The ramshackle version of the Carter Family’s country song ‘Little Moses’ is entertaining because it features the backing singers cracking up. In his sleeve notes, Michael Simmons says that if only Dylan had included ‘Little Moses’ on Self Portrait, Rolling Stone might have gleaned more of the light-hearted vibe of the sessions for the album.

The track ‘Alberta’ is much better – a breezy, upbeat and soulful country rendition of a traditional blues song, which, for some reason, Dylan included two versions of on Self Portrait. Funnily enough, there’s also two attempts at it on Bob Dylan 1970 – the second (Take 5) is slicker than the first and has more of a groove to it.

The first disc ends with a raw, rough and slightly sloppy electric version of The Beatles’ ‘Yesterday’, but according to the album credits, Harrison isn’t playing on it. Mind you, he didn’t play on the original…

He is, however, on guitar and vocals for nine songs on the collection, the majority of which are on the second disc, such as the throwaway bluesy boogie medley, ‘I Met Him On A Sunday/ ‘Da Doo Ron Ron’, and a great, loose and almost funky country rock version of ‘One Too Many Mornings’, revamped from Dylan’s 1964 album, The Times They Are A-Changin’.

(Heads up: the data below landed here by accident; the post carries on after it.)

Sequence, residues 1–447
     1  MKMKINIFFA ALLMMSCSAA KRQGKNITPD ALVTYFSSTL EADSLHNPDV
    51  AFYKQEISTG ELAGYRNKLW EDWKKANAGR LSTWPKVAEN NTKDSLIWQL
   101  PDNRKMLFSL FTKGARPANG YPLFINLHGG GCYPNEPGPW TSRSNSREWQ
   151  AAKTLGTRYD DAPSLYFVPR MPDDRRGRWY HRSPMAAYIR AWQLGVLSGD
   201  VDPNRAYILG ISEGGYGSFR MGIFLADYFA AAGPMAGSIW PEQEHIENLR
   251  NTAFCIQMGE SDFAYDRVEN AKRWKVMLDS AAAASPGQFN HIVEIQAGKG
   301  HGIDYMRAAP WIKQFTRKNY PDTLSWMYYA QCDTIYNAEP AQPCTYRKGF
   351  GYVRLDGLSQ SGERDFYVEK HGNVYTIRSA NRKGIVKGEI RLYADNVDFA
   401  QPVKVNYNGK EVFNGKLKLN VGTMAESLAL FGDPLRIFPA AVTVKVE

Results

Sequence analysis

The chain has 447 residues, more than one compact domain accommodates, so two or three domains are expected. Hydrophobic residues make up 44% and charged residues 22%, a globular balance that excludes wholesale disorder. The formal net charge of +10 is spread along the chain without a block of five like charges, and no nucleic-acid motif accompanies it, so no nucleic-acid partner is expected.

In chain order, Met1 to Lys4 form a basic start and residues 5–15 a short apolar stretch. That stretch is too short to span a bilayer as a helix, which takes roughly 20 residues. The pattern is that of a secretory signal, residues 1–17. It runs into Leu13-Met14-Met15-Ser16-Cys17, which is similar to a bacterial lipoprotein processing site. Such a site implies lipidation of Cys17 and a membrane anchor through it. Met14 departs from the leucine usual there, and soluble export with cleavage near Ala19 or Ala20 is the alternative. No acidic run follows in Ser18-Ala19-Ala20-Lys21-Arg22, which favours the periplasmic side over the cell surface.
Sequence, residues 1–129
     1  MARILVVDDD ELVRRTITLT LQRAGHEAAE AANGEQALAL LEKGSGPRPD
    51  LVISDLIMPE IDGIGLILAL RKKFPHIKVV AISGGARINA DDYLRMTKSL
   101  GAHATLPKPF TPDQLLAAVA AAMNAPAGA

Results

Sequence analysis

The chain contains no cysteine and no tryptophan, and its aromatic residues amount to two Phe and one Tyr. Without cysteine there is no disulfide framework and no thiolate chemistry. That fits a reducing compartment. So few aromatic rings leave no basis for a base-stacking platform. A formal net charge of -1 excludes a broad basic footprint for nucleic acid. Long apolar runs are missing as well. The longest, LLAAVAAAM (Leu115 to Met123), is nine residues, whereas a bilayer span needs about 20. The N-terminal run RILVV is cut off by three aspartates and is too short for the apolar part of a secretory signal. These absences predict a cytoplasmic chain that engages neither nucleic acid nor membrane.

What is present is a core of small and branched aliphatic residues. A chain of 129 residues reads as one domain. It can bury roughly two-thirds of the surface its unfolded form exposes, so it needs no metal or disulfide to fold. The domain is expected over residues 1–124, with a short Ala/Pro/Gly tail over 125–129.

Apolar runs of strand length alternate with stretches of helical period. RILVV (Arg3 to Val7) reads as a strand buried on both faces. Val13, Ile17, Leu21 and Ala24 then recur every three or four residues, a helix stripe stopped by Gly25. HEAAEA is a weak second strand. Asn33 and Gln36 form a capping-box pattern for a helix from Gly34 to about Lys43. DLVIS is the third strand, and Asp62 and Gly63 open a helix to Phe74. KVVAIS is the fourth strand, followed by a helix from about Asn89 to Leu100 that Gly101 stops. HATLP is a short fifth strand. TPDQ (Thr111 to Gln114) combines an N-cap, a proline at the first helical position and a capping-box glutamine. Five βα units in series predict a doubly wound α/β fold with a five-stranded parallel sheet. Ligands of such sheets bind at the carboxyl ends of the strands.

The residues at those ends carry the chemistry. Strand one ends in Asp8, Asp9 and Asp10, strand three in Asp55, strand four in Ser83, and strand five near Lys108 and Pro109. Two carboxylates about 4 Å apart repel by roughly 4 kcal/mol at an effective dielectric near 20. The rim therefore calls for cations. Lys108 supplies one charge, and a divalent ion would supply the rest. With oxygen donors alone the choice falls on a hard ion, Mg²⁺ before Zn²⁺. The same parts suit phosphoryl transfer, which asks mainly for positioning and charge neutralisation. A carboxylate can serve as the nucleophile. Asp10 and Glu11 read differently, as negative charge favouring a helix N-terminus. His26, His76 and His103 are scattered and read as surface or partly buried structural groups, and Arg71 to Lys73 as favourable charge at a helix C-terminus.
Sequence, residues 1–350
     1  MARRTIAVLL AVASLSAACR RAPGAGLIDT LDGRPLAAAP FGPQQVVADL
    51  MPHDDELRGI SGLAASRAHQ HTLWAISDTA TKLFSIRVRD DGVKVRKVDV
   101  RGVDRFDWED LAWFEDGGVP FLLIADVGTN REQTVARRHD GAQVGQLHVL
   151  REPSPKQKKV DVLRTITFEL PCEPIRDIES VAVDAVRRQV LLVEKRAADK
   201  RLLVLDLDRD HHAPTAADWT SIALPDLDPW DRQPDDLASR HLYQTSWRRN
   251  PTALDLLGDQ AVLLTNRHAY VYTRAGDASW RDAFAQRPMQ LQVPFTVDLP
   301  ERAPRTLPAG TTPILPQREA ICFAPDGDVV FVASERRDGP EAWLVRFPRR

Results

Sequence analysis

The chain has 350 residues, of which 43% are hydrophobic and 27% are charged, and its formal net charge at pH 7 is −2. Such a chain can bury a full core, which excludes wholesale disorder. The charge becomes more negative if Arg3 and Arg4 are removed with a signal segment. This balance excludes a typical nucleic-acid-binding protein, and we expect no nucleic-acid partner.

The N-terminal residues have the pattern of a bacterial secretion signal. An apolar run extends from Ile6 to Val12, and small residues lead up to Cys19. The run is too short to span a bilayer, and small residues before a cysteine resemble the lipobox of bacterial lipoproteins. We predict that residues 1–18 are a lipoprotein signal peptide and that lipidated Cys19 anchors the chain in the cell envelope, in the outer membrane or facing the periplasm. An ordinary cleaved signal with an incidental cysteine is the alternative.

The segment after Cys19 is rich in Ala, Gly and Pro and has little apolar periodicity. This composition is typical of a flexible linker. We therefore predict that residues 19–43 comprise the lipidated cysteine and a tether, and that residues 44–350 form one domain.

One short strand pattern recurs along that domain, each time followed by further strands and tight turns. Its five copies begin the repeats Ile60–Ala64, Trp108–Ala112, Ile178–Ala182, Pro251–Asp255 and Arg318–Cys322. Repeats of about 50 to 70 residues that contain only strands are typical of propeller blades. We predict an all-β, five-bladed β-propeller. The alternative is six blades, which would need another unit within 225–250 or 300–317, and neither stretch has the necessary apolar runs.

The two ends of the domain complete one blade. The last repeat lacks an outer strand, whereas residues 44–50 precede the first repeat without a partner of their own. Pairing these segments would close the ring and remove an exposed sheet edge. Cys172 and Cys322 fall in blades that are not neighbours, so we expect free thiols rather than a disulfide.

‘Gates of Eden’, originally on Bringing It All Back Home, features a nice Harrison guitar solo, and there’s a decent, laid back version of ‘It Ain’t Me Babe’, with some lovely country guitar licks.

During the jamming sessions, Dylan and Harrison also knock out a ragbag of playful covers, including ‘Ghost Riders In The Sky’, ‘All I Have To Do Is Dream’ by The Everly Brothers, and a lively take on the Carl Perkins’ rockabilly song ‘Matchbox’, which was recorded by The Beatles. They’re fun to listen to – especially the latter, which sees both musicians paying tribute to the rock and roll music they grew up with.

We also get to hear Dylan and his band run through several takes of ‘If Not For You’ from New Morning – a song that George Harrison recorded a few months later for his 1970 triple solo album All Things Must Pass.

Disc Three contains a few curiosities, such as an alternative cut of Elvis Presley’s ballad ‘Can’t Help Falling In Love With You’, which is different to the version that appeared on the 1973 album Dylan – a collection of studio outtakes from the sessions for Self Portrait and New Morning. Dylan tackles the Caribbean folk song ‘Jamaica Farewell’ with a full band, including Al Kooper on warm organ, and some gospel-tinged female backing vocals.

Other highlights include a sprightly version of ‘Winterlude’, from New Morning, but with a harmonica intro, and two different slow blues takes of ‘Tomorrow Is A Long Time’ – the first is heavier than the second, whereas the second take is somewhat lighter in mood.